F is for...

is for Friends

“I don’t have any friends.” My husband would hear me say on a regular basis. 
Normally he would spout out a laundry list of women I hang out with.
“Are they your friends?”
It was hard to explain to him that just because I went out with them or had lunch with someone didn't necessarily make them my friend.
For me a friend to someone with a kind heart, loyal, considerate and someone I could trust. I never really thought I found that person.
Because I didn't trust barely anyone in my life other than my family, I never showed people the real me.
Growing up as a child of 9 children I always felt like I didn't belong. I always felt there was something about me that kept me from having real friends or feeling like an outsider.
Elementary, junior high, and high school I went through friend after friend and never held on to any friendships. Every year I had a new best friend. Eventually I would always end up in a clique with a group of girls and eventually they would all decide that they hated me and none of them would want to be my friend anymore.
When I went off to college, I was certain the same would happen. I was surprised when I met a red head full of life that I instantly connected with. We have been friends for 11 years now and she is someone I trust. She’s loyal to a fought and very generous. She is the only person besides my husband that I can be completely myself with. We are always there for each other. She is also my children’s godmother.
Then we got up and moved to California and I was completely across the country from family and from her. I was devastated and felt like I was losing my mind. I was in a new city with no friends. I felt like I had lucked out in college finding a lifelong friend.  How good this hermit introverted writer start over and find new friends and a brand-new state and city.
I sought help from a therapist and discover things about myself.
Because I never felt like I fitted in anywhere I adapted myself to the people I was around. I became what they wanted me to be just so they would like me. Yet, I could not be that person for very long.  Eventually the real me would surface and of course that would turn all these friends off. To them, I am changing and I am not the friend that they want to be around.
My therapist told me that I needed to be myself if I wanted to find the type of friend I wanted. The problem was I had spent so many years being someone else that I could not figure out who I really was. I was having a hard time figuring out what was real and what was fake.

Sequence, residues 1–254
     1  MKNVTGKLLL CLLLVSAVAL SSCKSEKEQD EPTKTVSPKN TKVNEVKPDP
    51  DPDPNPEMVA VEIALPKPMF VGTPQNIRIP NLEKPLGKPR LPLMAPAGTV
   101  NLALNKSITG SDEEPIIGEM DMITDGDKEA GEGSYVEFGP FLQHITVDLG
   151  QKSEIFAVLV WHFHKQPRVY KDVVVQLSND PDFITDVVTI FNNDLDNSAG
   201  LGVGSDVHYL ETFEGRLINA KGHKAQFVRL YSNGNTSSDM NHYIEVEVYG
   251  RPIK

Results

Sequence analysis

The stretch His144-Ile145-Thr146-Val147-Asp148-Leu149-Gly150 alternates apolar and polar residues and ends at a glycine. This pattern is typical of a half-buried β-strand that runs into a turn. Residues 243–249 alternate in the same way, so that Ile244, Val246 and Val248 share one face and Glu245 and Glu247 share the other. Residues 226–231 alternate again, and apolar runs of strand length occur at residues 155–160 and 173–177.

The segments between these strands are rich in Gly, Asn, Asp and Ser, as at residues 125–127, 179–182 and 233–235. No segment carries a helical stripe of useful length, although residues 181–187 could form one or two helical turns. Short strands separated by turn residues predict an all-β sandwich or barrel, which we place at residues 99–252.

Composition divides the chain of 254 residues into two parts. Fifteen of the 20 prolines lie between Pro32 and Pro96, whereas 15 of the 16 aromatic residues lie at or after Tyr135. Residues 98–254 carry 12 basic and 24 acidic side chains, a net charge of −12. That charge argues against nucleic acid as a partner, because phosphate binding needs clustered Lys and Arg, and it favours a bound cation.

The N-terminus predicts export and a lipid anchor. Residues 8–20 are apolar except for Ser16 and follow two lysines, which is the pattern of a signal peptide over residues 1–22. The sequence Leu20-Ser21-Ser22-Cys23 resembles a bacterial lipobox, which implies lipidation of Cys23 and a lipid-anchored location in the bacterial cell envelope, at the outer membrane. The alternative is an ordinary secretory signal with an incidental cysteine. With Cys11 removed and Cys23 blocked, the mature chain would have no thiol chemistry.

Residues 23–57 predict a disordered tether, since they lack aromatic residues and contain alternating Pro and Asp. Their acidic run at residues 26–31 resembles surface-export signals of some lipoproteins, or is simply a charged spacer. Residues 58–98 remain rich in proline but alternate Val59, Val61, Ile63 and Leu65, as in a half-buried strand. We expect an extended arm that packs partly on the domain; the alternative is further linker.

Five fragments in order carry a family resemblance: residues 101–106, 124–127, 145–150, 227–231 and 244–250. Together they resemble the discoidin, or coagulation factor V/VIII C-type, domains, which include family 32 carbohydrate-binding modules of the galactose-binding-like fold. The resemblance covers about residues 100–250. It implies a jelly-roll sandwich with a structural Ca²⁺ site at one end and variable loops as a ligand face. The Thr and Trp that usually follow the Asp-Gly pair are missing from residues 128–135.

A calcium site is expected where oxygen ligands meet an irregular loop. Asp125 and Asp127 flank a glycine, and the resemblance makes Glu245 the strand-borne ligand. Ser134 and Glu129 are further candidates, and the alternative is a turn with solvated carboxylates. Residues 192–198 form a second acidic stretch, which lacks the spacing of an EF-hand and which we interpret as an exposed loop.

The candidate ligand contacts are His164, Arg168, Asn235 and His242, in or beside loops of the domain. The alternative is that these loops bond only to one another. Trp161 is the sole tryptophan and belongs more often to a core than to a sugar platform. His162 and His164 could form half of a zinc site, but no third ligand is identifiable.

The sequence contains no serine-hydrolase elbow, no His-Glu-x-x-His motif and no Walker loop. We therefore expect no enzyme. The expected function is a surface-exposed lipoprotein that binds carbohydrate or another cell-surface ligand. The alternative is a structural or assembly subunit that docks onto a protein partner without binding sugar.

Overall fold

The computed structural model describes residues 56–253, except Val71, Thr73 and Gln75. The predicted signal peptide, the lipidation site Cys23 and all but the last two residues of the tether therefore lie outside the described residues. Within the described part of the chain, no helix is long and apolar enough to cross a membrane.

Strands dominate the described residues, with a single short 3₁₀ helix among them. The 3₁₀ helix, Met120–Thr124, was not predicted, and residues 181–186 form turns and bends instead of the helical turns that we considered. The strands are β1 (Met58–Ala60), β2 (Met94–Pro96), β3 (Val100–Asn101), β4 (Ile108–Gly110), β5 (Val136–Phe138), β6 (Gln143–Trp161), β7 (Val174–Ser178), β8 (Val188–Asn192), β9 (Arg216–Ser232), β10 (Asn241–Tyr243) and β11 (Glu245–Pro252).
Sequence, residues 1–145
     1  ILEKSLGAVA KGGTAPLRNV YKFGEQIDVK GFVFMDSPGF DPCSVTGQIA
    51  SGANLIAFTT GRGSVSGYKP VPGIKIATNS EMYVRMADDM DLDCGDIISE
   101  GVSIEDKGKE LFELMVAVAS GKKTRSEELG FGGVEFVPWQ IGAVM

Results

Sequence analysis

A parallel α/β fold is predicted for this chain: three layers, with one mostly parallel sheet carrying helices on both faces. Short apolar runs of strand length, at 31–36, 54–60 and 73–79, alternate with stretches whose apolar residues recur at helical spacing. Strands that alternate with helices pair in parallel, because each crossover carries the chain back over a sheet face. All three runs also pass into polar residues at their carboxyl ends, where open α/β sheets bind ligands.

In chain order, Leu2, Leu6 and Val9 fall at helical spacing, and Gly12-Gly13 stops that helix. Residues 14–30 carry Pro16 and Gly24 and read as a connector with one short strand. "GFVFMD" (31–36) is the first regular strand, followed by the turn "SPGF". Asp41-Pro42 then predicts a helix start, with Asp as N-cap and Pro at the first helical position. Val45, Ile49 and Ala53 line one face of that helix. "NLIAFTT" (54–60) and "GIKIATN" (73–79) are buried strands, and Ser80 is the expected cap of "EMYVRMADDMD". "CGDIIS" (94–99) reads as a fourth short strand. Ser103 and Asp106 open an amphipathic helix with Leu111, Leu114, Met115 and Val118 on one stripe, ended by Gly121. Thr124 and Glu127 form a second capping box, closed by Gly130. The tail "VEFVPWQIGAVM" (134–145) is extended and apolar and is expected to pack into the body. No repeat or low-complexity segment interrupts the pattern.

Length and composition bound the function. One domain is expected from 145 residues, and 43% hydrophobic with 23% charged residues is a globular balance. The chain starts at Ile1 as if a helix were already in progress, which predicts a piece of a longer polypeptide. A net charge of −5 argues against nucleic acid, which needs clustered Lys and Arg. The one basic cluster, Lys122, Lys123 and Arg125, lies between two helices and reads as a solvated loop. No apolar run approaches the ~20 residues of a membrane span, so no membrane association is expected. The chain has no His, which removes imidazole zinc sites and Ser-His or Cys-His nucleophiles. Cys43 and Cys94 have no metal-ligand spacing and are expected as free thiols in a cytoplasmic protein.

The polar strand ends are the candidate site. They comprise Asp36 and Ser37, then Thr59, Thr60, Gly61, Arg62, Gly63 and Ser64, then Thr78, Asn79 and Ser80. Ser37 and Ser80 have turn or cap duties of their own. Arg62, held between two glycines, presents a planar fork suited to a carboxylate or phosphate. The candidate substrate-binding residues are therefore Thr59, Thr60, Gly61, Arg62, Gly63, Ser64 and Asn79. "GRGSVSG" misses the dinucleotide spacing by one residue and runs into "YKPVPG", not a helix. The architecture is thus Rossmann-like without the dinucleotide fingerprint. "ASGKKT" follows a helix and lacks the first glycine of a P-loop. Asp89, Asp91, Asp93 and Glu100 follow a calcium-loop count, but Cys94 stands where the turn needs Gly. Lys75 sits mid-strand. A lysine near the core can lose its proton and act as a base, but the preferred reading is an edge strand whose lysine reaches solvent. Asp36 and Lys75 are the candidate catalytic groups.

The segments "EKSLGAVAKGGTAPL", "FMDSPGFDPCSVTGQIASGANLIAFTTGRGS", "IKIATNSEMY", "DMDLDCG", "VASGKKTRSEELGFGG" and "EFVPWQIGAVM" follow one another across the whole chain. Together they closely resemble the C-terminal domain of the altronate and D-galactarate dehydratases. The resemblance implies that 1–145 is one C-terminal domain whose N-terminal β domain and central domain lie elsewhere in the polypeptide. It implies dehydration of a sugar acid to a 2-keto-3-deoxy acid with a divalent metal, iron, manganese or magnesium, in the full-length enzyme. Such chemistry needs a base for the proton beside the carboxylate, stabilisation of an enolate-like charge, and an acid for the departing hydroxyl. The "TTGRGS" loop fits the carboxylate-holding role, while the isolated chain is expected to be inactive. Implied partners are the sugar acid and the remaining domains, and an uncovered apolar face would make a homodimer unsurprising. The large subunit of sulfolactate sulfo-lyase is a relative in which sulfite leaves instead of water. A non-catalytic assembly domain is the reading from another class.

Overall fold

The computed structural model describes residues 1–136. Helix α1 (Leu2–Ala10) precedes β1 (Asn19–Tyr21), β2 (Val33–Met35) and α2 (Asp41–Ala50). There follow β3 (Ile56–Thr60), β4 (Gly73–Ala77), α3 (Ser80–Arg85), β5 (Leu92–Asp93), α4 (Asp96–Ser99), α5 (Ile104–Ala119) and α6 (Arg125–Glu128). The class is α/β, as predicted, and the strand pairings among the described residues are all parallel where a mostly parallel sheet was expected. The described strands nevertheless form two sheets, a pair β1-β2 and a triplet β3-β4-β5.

So I decided that when I begin to make friends in this new city that I would be myself whether they liked me or not. I have been working to learn what I truly like and what I truly want. I am learning that people would love me more if I just be myself.


  1. I remember when my friends in school would ignore me or leave me during lunch time. I spent many lunches by myself. It seems people wanted me to be who they thought I should be, not who I really was.

    I have one friend that I've known since 4th grade. We don't talk much, but when we do it seems no time has past.

    I do have a few other friends, but in reality, not many where I feel free just being me. Most friends don't know about my challenges, as I don't share too often. It's hard for me to trust people fully, so I tend to have friends, but not close friends.

    I'm glad my daughter is back home, at least we can share challenges and trust each other.

  2. It's hard to fully embrace being yourself. We want so much to be liked, to fit in....that we do put on masks. Either to try and be what the other person wants or because we know that having our real self rejected hurts worse than if the mask is rejected. I think a lot of people are like this, myself included. Good luck on your journey to find your true self (and your true friends). I thought the post was very brave.

  3. No one can be you, like YOU can! That's for sure. I'm happy for you that you've figured out that being yourself is the best way to go. There are folks out there who will love the real you.

    Most of us have only a few real friends in our lifetimes. We may have people whom we enjoy or hang with on occasion, but different people serve different purposes for us.

    But, one thing I know is that when you find a real friend, that's priceless.

    Thanks for sharing, Donnee. xoA


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